As deportation proceedings were under way, Csizsik-Csatary voluntarily left the country, Saindon said in an e-mail to CNN.
In October 1997, Paul Vickery, head of the Canadian Justice Department’s war crimes unit, told Radio Free Europe that when officials went to Csizsik-Csatary’s Toronto home, his daughter told them he was living in Europe. Vickery told the network Csizsik-Csatary’s name would be placed on a watch list and he would be barred from re-entering Canada.
Csizsik-Csatary initially denied the allegations and asked the Canadian government to put the case on trial, but later withdrew that request, The Toronto Star reported in August 1997.
“In his statement of defense, Csizsik-Csatary admitted to some involvement in the ghettoization of Jews, to handing over at least two Jews to the Germans and to attending the last mass deportation of Jews out of Kassa (Hungary),” the Star said.
The Sun said in its Sunday report that Csizsik-Csatary’s attorneys claimed he did not know where the Jews were being sent. Of the 12,000 Jews transferred from a ghetto to a brickyard and deported, only 450 survived, the Sun reported.
Csizsik-Csatary returned to Hungary upon leaving Canada, Zuroff said. “Hungarian authorities knew that he was back,” he said. Authorities in Hungary launched an investigation in September 2011 after receiving information from Zuroff regarding Csizsik-Csatary’s residence in Budapest and his role in the Auschwitz deportations, the center said.
The Sun reported Sunday that when a reporter knocked on the door of Csizsik-Csatary’s two-bedroom Budapest apartment and asked him if he could justify his past, “He looked shocked and stammered, ‘No, no. Go away.’”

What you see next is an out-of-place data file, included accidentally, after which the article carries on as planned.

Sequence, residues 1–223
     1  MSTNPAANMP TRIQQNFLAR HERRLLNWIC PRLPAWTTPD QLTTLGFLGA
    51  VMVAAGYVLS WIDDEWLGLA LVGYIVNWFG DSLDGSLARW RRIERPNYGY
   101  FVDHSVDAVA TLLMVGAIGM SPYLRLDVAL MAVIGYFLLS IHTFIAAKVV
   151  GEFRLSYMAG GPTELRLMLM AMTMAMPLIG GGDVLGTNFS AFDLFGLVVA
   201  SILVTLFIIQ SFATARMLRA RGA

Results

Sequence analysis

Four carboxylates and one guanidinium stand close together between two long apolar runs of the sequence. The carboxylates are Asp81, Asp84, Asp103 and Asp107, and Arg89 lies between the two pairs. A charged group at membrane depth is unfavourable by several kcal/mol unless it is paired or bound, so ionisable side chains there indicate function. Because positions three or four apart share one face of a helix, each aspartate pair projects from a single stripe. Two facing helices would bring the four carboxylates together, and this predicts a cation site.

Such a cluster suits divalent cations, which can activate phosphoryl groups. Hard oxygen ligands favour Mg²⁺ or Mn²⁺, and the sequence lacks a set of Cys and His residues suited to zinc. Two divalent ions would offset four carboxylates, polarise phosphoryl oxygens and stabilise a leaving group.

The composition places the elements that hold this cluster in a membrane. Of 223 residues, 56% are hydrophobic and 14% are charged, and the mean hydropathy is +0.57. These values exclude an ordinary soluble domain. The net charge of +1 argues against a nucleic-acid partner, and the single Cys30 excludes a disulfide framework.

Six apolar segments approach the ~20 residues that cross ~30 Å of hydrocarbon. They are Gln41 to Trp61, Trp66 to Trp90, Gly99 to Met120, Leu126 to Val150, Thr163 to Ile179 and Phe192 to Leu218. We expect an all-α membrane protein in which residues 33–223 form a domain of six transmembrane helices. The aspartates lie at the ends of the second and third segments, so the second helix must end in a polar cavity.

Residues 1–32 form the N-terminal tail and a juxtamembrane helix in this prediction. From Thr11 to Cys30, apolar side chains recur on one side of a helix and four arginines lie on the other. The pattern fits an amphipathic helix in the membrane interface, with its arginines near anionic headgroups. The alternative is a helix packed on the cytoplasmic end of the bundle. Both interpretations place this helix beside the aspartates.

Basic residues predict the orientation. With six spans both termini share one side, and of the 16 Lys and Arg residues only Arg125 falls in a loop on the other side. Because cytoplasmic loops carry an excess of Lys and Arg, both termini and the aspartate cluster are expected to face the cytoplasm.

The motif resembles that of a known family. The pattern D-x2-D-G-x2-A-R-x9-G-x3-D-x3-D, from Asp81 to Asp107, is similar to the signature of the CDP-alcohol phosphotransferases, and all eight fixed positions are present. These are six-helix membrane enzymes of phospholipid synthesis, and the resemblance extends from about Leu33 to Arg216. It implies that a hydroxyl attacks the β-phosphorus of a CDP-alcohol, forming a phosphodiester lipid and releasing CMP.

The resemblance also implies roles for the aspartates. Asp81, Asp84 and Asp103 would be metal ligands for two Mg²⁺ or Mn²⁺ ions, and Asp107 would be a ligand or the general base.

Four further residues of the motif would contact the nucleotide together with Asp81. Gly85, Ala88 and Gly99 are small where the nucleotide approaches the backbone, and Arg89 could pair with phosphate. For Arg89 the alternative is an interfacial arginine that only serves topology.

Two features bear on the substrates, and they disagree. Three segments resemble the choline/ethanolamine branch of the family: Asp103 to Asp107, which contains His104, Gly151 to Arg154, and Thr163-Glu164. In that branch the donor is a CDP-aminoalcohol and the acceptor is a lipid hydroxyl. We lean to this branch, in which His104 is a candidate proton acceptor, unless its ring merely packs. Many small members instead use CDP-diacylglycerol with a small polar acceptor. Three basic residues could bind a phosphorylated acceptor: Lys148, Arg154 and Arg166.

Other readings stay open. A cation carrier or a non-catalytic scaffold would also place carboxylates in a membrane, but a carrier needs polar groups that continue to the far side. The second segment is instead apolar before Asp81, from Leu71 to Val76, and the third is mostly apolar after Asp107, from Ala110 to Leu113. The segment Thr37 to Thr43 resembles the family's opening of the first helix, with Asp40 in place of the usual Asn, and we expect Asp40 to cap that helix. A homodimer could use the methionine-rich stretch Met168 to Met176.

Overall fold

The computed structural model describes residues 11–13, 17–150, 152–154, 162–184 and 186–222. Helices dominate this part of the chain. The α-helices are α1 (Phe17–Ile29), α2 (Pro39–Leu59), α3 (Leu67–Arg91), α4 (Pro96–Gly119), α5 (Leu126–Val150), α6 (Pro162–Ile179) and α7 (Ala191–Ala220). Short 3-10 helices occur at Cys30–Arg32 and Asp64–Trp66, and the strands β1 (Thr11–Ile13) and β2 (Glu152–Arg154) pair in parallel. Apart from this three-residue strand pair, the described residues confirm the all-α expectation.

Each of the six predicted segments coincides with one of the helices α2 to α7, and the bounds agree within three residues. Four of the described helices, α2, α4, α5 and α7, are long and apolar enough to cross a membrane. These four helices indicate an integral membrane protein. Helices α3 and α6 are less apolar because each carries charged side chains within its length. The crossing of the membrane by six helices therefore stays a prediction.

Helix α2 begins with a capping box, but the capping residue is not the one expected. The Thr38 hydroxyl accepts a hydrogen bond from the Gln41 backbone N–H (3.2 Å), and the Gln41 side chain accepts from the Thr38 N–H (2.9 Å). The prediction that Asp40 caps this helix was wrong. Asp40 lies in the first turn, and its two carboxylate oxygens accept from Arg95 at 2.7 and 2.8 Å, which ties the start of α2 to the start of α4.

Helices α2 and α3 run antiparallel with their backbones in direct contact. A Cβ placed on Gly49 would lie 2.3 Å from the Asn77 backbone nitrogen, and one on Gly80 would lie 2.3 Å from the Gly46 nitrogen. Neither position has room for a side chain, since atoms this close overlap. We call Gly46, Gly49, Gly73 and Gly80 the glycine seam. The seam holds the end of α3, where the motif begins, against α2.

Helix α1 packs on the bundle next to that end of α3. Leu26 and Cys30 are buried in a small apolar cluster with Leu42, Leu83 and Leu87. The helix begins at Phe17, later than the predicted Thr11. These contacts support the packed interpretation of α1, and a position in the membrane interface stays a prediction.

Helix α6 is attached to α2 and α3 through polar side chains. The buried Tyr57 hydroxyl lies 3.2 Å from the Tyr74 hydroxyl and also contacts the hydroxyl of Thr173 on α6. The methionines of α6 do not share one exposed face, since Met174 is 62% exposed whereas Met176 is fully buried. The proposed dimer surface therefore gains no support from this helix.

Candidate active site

Asked about the deportation case in Canada, the Sun said he replied, “No, no, I don’t want to discuss it.”
The Sun reporter asked, “Do you deny doing it? A lot of people died as a result of your actions,” according to the report.
Csizsik-Csatary replied, “No, I didn’t do it. Go away from here,” and slammed the door, according to the newspaper.
The Simon Wiesenthal Center said in a statement Sunday that Zuroff last week submitted new evidence to a Budapest prosecutor regarding Csizsik-Csatary and his “key role in the deportation of approximately 300 Jews from Kosice to Kamenetz-Podolsk, Ukraine, where almost all were murdered in the summer of 1941.”
“This new evidence strengthens the already very strong case against Csatary and reinforces our insistence that he be held accountable for his crimes,” Zuroff said in the statement. “The passage of time in no way diminishes his guilt and old age should not afford protection for Holocaust perpetrators.”
Csizsik-Csatary reportedly was convicted of war crimes in absentia and sentenced to death in 1948 in the Czech Republic, Zuroff said, but the center has not obtained documentation on the case.
CNN’s Ben Brumfield and journalist Flora Hevesi contributed to this report.